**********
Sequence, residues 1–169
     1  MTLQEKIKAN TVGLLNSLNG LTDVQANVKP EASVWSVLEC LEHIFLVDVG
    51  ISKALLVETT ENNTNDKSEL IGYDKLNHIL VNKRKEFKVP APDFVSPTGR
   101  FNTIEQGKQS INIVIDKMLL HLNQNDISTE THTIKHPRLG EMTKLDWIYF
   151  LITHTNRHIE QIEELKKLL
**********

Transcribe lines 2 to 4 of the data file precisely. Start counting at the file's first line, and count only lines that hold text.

     1  MTLQEKIKAN TVGLLNSLNG LTDVQANVKP EASVWSVLEC LEHIFLVDVG
    51  ISKALLVETT ENNTNDKSEL IGYDKLNHIL VNKRKEFKVP APDFVSPTGR
   101  FNTIEQGKQS INIVIDKMLL HLNQNDISTE THTIKHPRLG EMTKLDWIYF